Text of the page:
“My parents. They are in Haiti on vacation now.”

A breathy “wow.”

“Aha! The original Ige— my Grandfather.”

Laughter. Chimkasi goes into the kitchen to cook for Dele, because according to her, “How on earth can you say you’ve not tasted egusi and call yourself a Nigerian? Same way you tried to belittle the fame of jollof rice. Nigeria should just hurry up and disown you, biko.” But you know it is actually because cooking is a validation of how many yards of quality wife material she is. So, when you write this part, write a little willingness into her voice. But don’t make it conspicuous. Just subtle enough to hint that Chimkasi’s wife material is as thick as a duvet, embellished with shine-shine and can sew plenty clothes, bedsheets and curtains included, and still remain so much, enough to floor a mansion, if clothes could replace carpets.

DAY 5: The egusi trick should work. Dele should want more egusi in his life. (Remember the advice your mother gives your sister, “The way to a man’s heart is through his stomach….” Remember, too, how she shouts at her to come join her in the kitchen and leave TV for the boys. Would she go and watch TV in her husband’s house?)

DAY 8: Chimkasi cooks him okro and ogbono with ponmo kika that gives way to squishy sweetness with one bite, and shrimps and fresh fish, with perfectly rounded balls of yellow garri. Dele wants to go crazy. After eating, Chimkasi sits by his side and they watch Rihanna on the TV, crying in a tub and begging a curly-haired man to stay: I want you to stay….

Because there is a sparkling, like electricity, in the air they are breathing, Dele leans in and kisses Chimkasi. Lightly at first, then deeper, their lips fitting together like pieces of a jigsaw puzzle. Inside them, a candle of desire is lit.

DAY 10: Sex. Nothing else will be more apt. Here, Dele must put his big penis to good use. Write that he is so proud of it, he wields it like a trophy, or like a magic wand, and Chimkasi is so enamored, she can’t bear to let it go. That dark piece of meaty goodness.

Sex

—in the tub.

—on the couch.

—on the floor.

—against the wall.

So much sex in one day, sex so good, it makes Chimkasi sob.

“Who’z your daddy, huh?”

“You baby, you!”

 

DELE AND CHIMKASI visit everywhere in Lagos:

Lekki Waterside Hotel, to see the Lekki-Ikoyi link bridge light up at night.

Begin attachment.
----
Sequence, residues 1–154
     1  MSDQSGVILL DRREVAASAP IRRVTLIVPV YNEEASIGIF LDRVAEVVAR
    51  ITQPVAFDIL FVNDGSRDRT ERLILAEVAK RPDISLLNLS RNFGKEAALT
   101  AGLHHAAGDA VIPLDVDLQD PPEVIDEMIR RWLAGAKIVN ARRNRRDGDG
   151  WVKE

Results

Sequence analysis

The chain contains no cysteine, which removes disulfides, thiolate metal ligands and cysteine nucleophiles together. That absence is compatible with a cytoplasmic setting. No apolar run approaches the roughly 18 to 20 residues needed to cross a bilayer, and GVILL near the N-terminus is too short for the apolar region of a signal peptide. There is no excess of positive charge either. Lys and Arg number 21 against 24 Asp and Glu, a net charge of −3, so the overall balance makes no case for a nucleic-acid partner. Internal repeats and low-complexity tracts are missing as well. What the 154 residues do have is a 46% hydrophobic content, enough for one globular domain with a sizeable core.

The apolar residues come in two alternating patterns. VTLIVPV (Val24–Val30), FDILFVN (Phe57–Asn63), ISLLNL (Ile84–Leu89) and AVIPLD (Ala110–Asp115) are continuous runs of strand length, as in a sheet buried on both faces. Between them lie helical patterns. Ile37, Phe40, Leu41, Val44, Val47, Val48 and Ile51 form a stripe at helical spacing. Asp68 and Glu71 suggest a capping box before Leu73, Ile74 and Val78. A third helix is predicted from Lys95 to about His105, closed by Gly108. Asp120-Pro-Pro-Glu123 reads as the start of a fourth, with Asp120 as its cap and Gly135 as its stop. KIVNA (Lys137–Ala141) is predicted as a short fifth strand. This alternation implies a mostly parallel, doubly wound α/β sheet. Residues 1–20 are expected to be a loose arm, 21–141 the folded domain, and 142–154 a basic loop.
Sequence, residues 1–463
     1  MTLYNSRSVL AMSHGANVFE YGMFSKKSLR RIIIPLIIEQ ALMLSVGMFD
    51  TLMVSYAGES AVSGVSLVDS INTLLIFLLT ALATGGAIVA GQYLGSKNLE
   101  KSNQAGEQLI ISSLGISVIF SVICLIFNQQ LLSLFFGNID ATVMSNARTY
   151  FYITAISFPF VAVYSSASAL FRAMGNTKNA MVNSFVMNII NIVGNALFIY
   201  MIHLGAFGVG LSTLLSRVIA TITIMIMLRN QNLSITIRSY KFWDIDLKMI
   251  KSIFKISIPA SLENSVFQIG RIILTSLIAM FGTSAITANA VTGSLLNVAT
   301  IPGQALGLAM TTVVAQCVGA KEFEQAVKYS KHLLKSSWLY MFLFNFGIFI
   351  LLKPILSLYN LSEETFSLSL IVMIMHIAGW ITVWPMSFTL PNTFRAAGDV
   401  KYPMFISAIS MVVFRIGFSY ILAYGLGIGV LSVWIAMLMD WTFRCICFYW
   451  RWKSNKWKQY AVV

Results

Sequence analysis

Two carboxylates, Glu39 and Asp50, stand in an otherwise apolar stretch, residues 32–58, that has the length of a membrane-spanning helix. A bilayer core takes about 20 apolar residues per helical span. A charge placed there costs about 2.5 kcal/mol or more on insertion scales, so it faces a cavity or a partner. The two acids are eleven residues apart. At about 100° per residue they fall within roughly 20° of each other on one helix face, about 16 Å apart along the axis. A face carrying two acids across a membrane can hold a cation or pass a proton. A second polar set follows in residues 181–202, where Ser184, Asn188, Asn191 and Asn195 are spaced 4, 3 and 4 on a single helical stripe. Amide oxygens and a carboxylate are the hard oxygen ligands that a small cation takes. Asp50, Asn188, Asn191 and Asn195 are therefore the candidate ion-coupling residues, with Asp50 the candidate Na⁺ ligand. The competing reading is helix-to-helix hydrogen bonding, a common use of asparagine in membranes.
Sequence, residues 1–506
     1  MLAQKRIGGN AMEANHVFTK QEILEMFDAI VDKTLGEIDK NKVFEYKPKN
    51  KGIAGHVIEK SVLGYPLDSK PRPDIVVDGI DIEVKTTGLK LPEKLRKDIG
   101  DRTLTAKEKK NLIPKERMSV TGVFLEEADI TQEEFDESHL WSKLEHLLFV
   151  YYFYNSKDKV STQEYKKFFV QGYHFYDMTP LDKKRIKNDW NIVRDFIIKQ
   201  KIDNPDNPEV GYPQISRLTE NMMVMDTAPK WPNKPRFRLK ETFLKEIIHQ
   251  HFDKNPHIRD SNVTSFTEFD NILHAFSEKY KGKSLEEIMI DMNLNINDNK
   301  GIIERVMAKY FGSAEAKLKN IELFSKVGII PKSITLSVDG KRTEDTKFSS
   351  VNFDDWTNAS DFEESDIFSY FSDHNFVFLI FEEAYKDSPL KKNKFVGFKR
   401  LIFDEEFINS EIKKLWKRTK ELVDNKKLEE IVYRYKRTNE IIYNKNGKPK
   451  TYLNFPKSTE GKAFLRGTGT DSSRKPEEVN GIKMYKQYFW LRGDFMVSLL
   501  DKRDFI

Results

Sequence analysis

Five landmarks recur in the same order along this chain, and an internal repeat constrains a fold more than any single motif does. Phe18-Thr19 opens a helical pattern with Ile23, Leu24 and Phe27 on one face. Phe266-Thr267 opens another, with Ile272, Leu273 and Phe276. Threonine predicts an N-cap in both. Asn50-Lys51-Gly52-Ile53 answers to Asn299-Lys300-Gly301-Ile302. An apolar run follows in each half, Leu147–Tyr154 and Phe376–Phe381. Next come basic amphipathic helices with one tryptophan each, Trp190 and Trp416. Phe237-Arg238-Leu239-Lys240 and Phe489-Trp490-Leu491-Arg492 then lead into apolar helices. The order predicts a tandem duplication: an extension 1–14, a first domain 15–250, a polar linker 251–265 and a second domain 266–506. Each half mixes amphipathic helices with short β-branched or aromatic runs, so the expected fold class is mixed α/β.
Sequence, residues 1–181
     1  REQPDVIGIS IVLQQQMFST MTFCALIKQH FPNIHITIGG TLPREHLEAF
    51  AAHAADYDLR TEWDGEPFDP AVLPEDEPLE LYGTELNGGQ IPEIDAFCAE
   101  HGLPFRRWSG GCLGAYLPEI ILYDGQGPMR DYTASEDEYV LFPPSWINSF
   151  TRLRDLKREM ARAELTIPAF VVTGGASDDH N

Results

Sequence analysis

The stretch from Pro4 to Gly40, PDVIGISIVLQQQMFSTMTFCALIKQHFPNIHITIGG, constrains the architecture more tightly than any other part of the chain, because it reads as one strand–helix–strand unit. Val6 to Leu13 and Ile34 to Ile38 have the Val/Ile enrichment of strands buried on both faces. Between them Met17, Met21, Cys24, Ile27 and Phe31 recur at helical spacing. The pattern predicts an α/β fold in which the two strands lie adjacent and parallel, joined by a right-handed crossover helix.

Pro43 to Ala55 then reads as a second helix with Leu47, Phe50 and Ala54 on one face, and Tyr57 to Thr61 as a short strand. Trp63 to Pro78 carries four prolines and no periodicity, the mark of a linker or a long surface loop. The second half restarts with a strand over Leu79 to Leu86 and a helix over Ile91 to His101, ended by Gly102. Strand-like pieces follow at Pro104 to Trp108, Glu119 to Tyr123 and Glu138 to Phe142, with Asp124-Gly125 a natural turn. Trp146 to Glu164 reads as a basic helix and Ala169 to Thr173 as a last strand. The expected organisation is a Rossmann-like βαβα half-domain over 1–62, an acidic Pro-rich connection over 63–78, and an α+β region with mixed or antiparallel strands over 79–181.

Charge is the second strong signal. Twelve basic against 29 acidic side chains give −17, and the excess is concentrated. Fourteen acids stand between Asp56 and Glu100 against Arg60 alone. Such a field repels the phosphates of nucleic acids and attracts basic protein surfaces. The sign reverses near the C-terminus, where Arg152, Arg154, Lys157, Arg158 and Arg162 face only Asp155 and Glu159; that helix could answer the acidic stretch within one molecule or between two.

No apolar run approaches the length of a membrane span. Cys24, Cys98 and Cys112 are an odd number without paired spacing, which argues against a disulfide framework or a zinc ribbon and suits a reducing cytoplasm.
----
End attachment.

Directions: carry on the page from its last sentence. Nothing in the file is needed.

A Karaoke Bar. Create a karaoke bar—this is necessary for this story. But if you don’t want to, use a known Karaoke bar and put your characters in it. For this, you can use Shaunz Karaoke Bar in Lekki.  When they visit the karaoke bar, they sing Fun and Janelle Monae’s “We Are Young” under bluish lights and receive scattered applause afterwards.

Freedom Park, where they watch a poetry recital, and even though they do not understand the poet’s words or see the reason for his endless writhing, they clap and hoot when it’s over, and take photos captioned: #GoodPoetry.

Lekki Conservation Centre.

The Jazz Hole.

Etc.

Let them have sex in between this Lagos-trotting, and stretch their love to a month first, then two. By the third week of the fourth month, Dele will know all the foods in Nigeria. Well, almost all. And of course, he will like jollof rice, egusi, and okro soup, in that order, because they all signify special things.

And so, because Dele can now attest to the quality of Chimkasi’s wife material, and because he knows she can pray open the doors of heaven, he proposes. It has to be at the Karaoke Bar, the one you are borrowing for this purpose, so you can write that the sultry lady with the nose piercing and sing-song voice gave them a shoutout over the microphone, that someone made a video of them that ended up on Facebook, Instagram, Nairaland, Bella Naija and Linda Ikeji’s Blog. So that ladies can thicken their wife-materialness. So that people can begin to plan romantic trips to Shaunz Bar with their boyfriends and girlfriends. A love story is not a love story if it doesn’t inspire others. Keep this in mind.

On the night Dele proposes, this is what should happen: They would sing Bruno Mars’s “Just The Way You Are” and “Marry You.” And as the people in the bar applaud loudly, Dele would go down on one knee. The whole bar would scream. And this is when Chimkasi wears her practiced I’m-pretending-as-if-I-don’t-know-what’s-happening-here look. Dele will pull out a ring from his pocket and say, “Chimkasi, will you marry me?” The bar will scream again. Let the ladies say, “Oh my gosh! How sweet,” and let the guys hold their girlfriends as though to say, “Soon baby, soon.”

Chimkasi should begin to cry by now. Girls should cry when they are proposed to. It’s a way of showing gratitude, of saying: Thank you for rescuing me from dying single and bitter, and from “go an’ marry” talks. If not for you, my life would amount to nothing. She can faint too, but don’t use that idea. Somebody was photographed in a faint pose on Facebook last month. Make your own love story unique. You can write that, as soon as he slips the ring on her finger, she rips off her dress and runs around the bar screaming: “Yes, bitches! Yesss!” Because you know how the joy of being finally proposed to is enough to drive a person into maddening glee if not quickly handled.